Thus, in many respects the presocratics set much of the naturalist stage for Plato and Aristotle. In particular, the presocratics investigated such questions as
- What is the fundamental stuff of the universe?
- How is change possible?
- What is real, and what is illusion?
- How do we come to have knowledge of the universe?
To be sure, these are fairly traditional questions. What sets the presocratics apart is their refusal to allow supernatural explanations. In this they set western philosophy on a largely distinctive course, culminating in the various sciences and technologies we enjoy today. To the extent that supernatural explanations of natural phenomena are troublingly question-begging, that is to say, their insistence on natural explanations of natural phenomena presage philosophical--read, "rational"--inquiry and the enterprise of science itself. Of course, such a strategy is only possible if the universe is fundamentally explicable. So among other things, they had to assume that the universe was rationally intelligible, even if what we perceive to be the case is radically at odds with what turns out to be the case.
Where the presocratics did not differ much from their more poetic and religious predecessors is their tendency towards the authoritative pronouncement. That is, instead of working to discover and articulate the best arguments for their positions, they tended to focus on the positions first and let their authority as clever people stand for substantive argument.
In advocating the socratic method, writing his philosophy as dialogues, and never speaking for himself, Plato again reset the entire course of western philosophy by inviting the reader to be as much a part of the larger philosophical discussion as any of the characters in the dialogues. The Apology neatly illustrates this critical transition by relating Socrates' futile quest to prove the Oracle wrong.
Socrates, recall, begins his defense by pointing out that there are old charges and new charges. The old charges were that he i) studied matters in heaven and on earth and ii) made the stronger argument appear the weaker, and the weaker appear the stronger. The old charges are not why he is presently in court, so he passes over them. Yet he does note that these old charges are very much more difficult to defend against than the new charges.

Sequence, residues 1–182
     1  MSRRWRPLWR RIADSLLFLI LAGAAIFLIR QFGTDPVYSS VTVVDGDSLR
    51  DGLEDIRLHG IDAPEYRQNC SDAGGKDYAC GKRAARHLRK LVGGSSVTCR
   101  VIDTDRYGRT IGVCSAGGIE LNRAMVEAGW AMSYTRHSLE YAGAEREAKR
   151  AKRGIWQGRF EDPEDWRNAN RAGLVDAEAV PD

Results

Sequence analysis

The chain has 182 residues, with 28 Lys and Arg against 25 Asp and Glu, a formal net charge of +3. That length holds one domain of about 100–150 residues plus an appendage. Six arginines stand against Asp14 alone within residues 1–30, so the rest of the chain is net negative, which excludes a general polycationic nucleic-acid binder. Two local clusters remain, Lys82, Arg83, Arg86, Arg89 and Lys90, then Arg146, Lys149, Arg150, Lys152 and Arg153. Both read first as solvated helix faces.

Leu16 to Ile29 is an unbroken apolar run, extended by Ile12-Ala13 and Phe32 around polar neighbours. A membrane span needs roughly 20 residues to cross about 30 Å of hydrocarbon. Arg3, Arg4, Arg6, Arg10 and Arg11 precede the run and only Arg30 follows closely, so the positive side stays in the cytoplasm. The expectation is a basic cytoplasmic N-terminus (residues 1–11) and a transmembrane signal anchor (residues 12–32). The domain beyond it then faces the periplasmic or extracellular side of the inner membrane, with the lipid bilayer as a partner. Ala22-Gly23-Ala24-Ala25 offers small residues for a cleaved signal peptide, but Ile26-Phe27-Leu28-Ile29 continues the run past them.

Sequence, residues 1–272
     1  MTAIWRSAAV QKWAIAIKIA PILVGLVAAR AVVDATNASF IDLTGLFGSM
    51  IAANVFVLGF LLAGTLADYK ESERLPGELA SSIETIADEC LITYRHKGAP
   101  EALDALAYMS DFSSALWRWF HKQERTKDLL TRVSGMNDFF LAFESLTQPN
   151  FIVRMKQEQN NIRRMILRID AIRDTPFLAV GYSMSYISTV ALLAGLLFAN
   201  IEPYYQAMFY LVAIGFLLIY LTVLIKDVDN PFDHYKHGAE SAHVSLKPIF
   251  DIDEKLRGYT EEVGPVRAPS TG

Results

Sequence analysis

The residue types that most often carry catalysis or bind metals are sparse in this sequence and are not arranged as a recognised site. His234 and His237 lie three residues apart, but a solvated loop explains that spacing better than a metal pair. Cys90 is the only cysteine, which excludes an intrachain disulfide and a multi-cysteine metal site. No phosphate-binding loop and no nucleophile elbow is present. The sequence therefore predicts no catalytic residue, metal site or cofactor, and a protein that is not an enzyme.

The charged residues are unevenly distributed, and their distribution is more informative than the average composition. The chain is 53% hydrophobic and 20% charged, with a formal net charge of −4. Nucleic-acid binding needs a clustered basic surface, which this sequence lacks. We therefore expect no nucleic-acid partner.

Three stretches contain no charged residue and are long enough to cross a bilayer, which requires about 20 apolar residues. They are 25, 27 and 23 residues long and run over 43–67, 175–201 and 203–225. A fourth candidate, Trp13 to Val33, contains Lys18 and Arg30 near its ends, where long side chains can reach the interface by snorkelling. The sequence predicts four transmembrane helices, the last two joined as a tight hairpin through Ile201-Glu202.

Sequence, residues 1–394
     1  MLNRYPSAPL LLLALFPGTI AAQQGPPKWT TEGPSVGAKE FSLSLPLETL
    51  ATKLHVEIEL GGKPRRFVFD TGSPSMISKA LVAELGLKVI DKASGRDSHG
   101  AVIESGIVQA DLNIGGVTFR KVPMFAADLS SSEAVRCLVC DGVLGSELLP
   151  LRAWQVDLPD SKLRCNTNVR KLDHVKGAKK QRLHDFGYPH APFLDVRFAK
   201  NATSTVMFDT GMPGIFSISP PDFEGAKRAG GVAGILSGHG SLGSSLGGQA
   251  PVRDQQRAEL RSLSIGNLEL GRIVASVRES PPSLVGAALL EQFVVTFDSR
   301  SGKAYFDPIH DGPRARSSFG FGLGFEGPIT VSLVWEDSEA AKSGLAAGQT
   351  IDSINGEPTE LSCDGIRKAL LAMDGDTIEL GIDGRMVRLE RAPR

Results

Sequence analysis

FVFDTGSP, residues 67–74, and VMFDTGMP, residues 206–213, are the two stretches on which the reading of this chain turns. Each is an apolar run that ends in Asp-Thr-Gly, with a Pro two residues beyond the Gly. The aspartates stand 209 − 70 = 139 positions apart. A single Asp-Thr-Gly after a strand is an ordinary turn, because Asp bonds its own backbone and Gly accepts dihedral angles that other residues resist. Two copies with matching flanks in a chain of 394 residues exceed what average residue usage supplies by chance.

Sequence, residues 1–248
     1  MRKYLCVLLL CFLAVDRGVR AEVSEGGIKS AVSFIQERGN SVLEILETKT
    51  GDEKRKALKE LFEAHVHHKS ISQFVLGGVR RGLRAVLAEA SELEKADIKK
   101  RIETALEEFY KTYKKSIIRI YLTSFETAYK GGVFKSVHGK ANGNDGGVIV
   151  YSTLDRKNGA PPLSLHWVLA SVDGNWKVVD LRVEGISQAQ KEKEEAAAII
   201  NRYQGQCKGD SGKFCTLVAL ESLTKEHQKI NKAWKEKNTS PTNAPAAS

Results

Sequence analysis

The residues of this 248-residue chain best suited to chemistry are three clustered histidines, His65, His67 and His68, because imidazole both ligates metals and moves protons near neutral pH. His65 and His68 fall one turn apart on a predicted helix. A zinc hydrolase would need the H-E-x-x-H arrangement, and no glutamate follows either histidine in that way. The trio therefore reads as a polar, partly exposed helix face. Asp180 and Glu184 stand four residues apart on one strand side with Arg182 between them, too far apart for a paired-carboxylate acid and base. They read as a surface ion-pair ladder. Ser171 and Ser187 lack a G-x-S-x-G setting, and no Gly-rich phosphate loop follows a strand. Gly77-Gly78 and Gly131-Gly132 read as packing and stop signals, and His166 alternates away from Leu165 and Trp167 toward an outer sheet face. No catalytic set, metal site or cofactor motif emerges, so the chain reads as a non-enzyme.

The new charges, those brought by Meletus, are that he is i) impious, teaching false or no gods, and ii) a corrupter of the youth.
Socrates' defense is to argue that the resentment of his accusers is unwarranted, since all he was doing in pursuing dialogue with the politicians, poets, and craftsment of Athens was to prove the Oracle at Delphi mistaken in pronouncing he, Socrates, the wisest man of Athens.
Socrates' eventual realization, of course, was that he was the wisest man of Athens in the sense that he alone knew that he did not know, whereas everyone else believed they knew, but upon examination, did not. Thus the beginning of wisdom is recognizing that one does not know, and not pretending otherwise. Aporia, to bring this full circle, is the start of wisdom.
This is an important insight, and for many it is the most important insight of the Apology. Next time, however, I will set us on a different course. I want to know, not how Socrates responded to the new charges (Meletus' charges), but how he could have responded to the old charges.
We closed today with the first of our essays for the session. I'm eager to read them. I recognize, of course, that asking that a series of impossible questions be answered in an impossibly short time on impossibly short space is, well, impossible. Please rest assured that I don't have a 'right answer' in mind when I write these questions. Instead, I'm only curious to see how you think about it. What insights do you have? How do you present them? How do you argue for them? What ideas do you have about the problem we discuss? This can be frustrating to those weaned on scantron forms and standardized tests. Please ask yourself, however, what would Socrates say about standarized testing?